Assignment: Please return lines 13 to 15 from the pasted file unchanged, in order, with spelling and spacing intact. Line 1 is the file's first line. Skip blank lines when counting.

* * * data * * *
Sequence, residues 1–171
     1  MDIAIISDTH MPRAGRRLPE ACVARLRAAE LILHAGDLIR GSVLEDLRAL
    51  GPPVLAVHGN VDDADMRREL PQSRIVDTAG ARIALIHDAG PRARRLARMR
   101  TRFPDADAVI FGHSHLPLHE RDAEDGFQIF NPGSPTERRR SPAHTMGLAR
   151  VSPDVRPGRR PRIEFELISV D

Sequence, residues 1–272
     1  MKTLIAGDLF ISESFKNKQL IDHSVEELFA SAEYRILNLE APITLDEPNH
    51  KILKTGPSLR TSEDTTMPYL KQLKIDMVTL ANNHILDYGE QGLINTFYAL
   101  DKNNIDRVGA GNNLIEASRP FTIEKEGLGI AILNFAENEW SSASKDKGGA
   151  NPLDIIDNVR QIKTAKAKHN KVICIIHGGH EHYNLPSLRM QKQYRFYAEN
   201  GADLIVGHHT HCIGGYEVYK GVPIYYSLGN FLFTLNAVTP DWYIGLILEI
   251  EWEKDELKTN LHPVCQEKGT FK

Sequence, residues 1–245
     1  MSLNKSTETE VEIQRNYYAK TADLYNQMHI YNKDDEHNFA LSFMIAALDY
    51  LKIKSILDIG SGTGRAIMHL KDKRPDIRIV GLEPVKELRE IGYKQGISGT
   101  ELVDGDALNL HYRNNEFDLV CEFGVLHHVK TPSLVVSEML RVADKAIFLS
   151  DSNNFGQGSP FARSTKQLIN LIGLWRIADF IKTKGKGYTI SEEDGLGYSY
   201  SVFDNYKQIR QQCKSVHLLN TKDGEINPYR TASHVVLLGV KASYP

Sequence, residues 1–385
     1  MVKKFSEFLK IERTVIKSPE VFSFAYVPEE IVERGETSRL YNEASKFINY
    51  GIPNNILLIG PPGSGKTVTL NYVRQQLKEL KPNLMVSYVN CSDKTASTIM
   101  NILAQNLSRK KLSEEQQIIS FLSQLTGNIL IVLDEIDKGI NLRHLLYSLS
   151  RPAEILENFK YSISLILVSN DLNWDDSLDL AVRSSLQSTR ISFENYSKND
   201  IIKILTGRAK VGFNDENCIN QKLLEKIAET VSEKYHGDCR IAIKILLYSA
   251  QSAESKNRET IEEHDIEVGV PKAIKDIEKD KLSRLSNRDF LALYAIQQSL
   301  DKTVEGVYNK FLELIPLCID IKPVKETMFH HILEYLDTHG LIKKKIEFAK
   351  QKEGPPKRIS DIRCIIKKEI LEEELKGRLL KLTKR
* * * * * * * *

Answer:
Sequence, residues 1–245
     1  MSLNKSTETE VEIQRNYYAK TADLYNQMHI YNKDDEHNFA LSFMIAALDY
    51  LKIKSILDIG SGTGRAIMHL KDKRPDIRIV GLEPVKELRE IGYKQGISGT